Four Levels of Staff Management
At the Base: Operational Staff Management
Since work relationships between employer and employee carry a certain exchange, cooperative and hierarchical dimension, such a relationship is never really free from tension. This is the reason why management is quite important at this level. This means that several factors need to be carefully assessed:
- Who is or is not appropriate for a certain function.
- Achievements need to be assessed and properly rewarded
- Skills need to be maintained or updated (through, for example, training courses)
This is the most visible part of staff management, often implemented by those that are directly leading those on the work floor (such as team leaders, or managers).
Setting Course: Strategic Regulation
Companies and institutions depend on their ‘environment’ for their existence. They have to fulfill a function on the economic market, possess sufficient financial means and be able to attract employees. So, in every organization, decisions have to be made to safeguard the existence and longevity of the organization. These decisions are often made by the top of the organization, the board of directors, for example. Such decisions, in turn, have a substantial influence on the role of the staff in the company.
The focus of this level lies on the maintaining of the longevity and continuity of the organization, more than on the staff events themselves.
Fitting Up the Company: Tactical Staff Management
After the course is set, the company needs to be organized in such a way that the goals that are set can indeed be achieved. Based on the chosen course, means have to be chosen and distributed, with attention to the strategic points mentioned in the previous paragraph. Strategic and tactical decisions are indeed often considered and made in close internal coherence.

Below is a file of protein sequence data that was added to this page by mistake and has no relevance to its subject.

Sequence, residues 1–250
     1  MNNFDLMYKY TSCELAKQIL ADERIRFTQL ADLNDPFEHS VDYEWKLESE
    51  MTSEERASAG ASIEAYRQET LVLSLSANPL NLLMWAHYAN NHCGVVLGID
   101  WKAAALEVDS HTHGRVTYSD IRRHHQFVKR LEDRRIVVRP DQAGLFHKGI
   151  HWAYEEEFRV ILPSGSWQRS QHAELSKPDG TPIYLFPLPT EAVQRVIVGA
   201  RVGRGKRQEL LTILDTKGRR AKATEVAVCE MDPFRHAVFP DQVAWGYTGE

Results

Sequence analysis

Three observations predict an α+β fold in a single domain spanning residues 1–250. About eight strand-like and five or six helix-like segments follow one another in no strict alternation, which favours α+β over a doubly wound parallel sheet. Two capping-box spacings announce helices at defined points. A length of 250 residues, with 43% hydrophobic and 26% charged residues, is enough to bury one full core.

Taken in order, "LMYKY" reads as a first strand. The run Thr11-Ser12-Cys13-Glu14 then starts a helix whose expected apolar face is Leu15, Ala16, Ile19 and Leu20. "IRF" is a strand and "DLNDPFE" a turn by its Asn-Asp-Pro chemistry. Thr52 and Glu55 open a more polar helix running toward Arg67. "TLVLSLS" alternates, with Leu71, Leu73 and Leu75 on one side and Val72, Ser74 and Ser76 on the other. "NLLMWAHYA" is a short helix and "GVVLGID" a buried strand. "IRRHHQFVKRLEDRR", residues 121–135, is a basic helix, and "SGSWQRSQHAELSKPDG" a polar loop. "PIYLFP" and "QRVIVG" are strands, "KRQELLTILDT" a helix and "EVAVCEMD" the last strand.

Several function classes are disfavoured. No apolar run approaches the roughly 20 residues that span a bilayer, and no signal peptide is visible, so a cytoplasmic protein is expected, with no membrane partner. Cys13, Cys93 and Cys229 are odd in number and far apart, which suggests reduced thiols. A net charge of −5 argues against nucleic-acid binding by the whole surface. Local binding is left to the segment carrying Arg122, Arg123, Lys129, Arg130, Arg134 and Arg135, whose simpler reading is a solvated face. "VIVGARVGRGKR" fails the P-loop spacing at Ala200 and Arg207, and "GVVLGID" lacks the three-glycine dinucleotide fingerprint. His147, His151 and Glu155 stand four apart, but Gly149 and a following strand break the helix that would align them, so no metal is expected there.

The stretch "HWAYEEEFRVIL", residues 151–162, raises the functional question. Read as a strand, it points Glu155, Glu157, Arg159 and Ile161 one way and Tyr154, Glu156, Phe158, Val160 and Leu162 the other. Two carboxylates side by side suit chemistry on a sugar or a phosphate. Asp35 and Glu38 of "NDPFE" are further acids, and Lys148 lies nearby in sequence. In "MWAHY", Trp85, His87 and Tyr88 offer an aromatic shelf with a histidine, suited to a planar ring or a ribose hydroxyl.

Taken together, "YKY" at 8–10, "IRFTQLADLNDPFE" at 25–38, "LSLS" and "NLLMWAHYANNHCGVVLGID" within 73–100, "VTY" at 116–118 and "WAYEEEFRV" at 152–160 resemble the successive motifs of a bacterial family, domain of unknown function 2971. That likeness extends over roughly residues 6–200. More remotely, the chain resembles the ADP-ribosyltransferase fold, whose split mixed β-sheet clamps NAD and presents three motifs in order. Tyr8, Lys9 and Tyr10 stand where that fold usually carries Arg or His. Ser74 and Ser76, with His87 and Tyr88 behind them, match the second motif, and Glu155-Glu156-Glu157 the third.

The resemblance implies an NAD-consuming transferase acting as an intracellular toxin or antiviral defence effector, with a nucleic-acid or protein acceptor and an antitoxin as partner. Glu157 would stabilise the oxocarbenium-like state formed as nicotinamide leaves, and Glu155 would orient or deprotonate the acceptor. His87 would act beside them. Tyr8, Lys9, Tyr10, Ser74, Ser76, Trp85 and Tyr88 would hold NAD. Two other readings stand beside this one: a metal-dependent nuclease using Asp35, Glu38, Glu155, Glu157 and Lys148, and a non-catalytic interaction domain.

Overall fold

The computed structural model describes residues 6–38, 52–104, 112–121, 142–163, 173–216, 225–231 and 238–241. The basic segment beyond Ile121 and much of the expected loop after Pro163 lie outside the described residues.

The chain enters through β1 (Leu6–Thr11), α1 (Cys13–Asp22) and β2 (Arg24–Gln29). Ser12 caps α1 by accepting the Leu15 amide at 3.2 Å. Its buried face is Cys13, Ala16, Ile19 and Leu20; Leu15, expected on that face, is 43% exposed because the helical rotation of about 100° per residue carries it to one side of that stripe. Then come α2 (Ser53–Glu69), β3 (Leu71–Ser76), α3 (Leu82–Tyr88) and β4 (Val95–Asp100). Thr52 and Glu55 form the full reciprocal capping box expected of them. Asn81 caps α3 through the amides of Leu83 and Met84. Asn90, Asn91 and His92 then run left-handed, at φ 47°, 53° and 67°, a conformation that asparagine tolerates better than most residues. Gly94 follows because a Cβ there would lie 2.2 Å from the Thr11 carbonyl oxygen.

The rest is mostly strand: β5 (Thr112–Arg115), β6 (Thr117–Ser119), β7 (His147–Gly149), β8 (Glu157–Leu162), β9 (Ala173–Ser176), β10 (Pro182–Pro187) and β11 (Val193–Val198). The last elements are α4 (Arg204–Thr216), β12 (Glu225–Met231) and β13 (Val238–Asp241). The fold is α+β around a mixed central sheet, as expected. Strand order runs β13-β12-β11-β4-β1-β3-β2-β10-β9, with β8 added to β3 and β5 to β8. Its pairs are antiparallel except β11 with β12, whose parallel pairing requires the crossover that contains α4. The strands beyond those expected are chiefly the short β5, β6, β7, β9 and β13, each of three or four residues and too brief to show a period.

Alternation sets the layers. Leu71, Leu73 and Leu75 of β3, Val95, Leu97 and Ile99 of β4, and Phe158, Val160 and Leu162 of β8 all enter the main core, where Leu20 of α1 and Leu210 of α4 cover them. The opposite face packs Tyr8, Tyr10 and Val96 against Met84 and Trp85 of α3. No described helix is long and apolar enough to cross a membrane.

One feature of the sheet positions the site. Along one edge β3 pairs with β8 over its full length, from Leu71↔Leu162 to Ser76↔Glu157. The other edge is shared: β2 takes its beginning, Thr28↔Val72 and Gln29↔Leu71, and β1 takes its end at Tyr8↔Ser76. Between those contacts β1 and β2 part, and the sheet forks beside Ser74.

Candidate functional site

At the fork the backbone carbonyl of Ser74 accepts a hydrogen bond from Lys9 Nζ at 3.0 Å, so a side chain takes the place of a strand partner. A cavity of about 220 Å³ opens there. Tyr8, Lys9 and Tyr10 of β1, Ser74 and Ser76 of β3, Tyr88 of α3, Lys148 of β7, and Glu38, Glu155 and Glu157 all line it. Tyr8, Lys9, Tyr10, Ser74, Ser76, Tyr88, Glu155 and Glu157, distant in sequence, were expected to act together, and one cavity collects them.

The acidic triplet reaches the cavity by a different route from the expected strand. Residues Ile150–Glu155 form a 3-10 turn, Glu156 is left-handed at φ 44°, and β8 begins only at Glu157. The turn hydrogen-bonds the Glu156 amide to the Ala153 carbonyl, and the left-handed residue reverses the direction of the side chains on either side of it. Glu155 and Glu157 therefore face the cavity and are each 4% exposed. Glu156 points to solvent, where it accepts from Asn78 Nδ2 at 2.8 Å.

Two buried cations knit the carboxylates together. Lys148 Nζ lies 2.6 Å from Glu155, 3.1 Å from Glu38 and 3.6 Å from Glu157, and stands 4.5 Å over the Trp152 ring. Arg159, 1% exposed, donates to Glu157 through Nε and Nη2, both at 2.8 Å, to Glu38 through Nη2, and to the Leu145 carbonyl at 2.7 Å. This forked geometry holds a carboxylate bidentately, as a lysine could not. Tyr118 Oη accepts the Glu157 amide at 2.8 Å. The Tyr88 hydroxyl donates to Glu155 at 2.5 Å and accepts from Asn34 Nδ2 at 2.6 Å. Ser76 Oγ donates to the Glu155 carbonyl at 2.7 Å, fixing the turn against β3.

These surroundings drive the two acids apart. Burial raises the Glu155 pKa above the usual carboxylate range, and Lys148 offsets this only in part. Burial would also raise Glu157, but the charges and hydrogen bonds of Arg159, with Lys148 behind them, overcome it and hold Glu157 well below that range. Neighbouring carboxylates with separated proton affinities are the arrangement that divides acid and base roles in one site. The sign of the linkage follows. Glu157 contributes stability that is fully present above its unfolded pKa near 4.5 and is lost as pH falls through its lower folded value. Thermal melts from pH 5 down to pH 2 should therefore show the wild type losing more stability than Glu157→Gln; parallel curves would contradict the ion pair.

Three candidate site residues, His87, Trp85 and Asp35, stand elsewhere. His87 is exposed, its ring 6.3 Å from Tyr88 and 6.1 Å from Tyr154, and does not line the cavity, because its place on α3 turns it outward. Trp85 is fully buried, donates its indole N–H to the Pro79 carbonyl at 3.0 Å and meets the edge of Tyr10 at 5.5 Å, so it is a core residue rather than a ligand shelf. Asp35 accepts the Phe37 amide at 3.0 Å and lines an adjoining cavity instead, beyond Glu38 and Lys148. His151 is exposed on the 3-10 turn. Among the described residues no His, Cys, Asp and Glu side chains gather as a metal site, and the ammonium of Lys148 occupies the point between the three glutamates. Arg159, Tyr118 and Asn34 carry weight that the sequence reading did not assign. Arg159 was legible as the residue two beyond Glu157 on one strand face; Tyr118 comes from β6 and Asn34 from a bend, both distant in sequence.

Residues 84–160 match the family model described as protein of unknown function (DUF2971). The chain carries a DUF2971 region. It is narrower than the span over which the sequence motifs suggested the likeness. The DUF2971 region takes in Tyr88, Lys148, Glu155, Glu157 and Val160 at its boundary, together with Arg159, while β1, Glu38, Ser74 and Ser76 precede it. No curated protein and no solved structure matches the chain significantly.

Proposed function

When determining the paths that could lead to the fulfillment of the set goals, a thorough insight in the effects on staff level of different decisions is advisable.
Staff Management and Society: Institutional Regulation
Organizations or companies also generate social effects on a large scale. They determine the wealth level of a country or region, create job opportunities and decide who can partake in the work process. So it is not surprising that work relationships (just as the companies themselves) are subject to social or institutional control. In the course of industrial history an intricate network of labor institutions is brought into existence (such as unions). These exert influence on what can and cannot be done in the relationship between employer and employee.